Within the new world scenario, for the last number a years of series of social, economic and political changes have begun to spread across the planet. “Modernization” has made its appearance, within the context of the parallel reorganization of capital and the State. The reorganization of capital is expressed, on the one hand, in “flexibilization”, which seeks to eliminate legal and labor union-based forms of protection, and, on the other hand, through the “de-regulation” of the market, which seeks to stimulate the circulation of goods and make it possible for private companies to fix prices and determine the quality of consumer goods. The reorganization of the State seeks to redistribute a series of functions and attributes towards non-governmental actors.
The policy of privatization has meant that the more profitable functions of the State are sold cheaply to largo national business interests, while non-profitable social policies are handed over to the municipalities, the Church, non-governmental organizations and inhabitants themselves. This is accompanied by the “slimming down of the State” which includes lay-offs as well as reductions in public spending for productive investments and social policy. Meanwhile, the State’s repressive apparatus, mechanisms for controlling the population and political patronage networks all remain intact. This reorganization of the State, by redistributing functions, supposes that social actors will be transformed to fulfill the new roles assigned to them. This is particularly true in the case of municipal governments, NGOs and popular organizations.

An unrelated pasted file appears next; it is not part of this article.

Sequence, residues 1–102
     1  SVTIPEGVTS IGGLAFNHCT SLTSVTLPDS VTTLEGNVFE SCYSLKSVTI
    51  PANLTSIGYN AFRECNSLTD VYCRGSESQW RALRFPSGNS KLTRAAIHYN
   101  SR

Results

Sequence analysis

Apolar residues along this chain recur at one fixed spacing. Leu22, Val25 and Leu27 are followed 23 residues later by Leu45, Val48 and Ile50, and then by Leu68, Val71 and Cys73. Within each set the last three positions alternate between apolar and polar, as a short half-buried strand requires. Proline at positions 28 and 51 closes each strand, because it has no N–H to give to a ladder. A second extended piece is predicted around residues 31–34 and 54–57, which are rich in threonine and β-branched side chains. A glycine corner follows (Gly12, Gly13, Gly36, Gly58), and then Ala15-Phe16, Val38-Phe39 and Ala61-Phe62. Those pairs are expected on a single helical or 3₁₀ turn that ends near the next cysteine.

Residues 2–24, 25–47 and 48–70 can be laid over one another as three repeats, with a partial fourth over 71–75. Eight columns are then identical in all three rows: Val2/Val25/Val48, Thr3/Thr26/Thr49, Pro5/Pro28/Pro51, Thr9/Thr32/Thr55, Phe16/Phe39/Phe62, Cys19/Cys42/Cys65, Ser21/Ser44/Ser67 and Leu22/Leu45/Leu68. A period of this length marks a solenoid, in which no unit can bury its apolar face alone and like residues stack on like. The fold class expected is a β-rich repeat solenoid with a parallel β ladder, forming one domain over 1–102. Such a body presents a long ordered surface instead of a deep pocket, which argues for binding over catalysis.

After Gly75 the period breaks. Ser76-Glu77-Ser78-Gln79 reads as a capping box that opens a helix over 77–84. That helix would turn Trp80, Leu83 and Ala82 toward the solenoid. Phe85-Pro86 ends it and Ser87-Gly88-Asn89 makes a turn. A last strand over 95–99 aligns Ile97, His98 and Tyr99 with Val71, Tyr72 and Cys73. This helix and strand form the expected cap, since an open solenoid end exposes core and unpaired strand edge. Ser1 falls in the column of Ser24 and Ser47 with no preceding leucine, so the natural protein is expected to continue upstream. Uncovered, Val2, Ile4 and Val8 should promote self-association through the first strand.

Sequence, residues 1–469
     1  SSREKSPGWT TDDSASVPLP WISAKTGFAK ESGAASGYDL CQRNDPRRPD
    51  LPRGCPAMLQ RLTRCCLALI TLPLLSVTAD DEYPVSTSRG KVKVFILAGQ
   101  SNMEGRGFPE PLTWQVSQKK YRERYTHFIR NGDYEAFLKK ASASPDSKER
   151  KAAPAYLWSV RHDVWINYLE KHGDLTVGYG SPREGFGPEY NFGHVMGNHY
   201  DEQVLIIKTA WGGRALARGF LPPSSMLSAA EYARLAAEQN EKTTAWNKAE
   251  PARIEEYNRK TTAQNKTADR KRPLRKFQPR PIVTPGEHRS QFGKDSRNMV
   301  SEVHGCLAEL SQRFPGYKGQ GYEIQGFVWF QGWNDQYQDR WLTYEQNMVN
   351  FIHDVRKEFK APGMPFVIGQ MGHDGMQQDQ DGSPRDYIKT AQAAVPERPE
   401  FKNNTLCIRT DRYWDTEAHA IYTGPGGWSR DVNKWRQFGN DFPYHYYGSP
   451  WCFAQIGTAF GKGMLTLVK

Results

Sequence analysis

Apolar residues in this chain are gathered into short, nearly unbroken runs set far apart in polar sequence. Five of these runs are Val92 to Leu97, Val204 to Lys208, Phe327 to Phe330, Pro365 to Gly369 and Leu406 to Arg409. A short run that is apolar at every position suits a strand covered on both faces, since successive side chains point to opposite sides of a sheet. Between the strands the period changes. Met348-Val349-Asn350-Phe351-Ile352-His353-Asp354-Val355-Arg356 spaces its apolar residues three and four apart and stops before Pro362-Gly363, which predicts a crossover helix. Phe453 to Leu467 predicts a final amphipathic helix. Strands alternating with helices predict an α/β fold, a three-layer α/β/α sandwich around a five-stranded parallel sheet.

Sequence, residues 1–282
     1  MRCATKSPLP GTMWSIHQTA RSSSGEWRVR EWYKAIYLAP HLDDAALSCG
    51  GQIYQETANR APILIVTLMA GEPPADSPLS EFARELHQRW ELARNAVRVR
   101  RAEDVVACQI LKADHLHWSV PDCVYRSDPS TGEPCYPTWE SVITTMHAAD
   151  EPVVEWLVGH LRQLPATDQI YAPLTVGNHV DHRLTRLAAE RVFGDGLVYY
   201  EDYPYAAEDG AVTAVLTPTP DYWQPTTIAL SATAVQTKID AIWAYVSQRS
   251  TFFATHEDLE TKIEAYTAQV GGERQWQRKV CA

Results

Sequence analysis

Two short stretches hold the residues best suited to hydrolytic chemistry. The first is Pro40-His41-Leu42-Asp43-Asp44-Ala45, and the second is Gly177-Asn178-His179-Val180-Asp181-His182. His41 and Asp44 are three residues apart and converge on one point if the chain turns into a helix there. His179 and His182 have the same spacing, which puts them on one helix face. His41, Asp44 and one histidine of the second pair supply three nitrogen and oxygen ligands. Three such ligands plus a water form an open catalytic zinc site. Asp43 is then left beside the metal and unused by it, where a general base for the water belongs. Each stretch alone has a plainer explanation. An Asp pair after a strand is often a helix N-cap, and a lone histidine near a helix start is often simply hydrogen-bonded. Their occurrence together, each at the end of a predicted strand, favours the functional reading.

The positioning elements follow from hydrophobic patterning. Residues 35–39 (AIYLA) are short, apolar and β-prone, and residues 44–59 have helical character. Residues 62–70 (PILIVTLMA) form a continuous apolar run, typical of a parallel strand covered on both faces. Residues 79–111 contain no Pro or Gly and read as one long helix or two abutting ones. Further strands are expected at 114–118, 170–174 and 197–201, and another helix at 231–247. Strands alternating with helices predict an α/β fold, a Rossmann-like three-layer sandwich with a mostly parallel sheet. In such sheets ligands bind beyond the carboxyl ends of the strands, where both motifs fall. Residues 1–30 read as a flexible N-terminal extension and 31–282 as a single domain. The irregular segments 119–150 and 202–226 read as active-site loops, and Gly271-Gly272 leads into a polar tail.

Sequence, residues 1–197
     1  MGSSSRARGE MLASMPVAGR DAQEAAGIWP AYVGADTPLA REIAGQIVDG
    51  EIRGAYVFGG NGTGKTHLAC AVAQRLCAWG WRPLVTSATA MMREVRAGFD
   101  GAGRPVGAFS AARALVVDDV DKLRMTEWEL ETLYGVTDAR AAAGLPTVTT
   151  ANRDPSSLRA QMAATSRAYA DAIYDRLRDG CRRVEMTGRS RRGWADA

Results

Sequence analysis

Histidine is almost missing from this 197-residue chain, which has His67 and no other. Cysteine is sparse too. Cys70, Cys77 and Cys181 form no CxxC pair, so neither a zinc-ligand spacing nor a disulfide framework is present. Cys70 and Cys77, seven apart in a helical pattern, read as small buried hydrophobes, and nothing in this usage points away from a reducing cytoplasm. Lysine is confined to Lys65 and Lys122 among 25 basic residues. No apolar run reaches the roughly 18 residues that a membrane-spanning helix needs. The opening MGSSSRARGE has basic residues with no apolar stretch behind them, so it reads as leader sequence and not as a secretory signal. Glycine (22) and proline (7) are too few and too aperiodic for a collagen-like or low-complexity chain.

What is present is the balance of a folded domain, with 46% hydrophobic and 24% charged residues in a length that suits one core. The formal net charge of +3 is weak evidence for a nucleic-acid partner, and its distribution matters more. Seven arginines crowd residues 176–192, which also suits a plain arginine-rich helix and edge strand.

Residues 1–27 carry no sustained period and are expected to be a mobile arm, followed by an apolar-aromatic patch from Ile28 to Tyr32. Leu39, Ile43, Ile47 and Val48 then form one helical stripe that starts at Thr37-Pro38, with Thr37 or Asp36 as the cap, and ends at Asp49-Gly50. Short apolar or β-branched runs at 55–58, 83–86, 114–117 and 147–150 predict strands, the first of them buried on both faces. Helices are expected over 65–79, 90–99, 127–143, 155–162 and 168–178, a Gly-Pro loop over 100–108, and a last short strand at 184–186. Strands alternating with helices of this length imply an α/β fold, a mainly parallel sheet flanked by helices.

In order to provide this sort of attention to the problems of urban popular sectors and their settlements, integral and coordinated institutional action is necessary, action, which is consistent and long-term. Only through a series of planned and broadly negotiated actions involving public and private institutions, NGOs and popular organizations, can the challenges of helping these settlements to provide a decent life be met.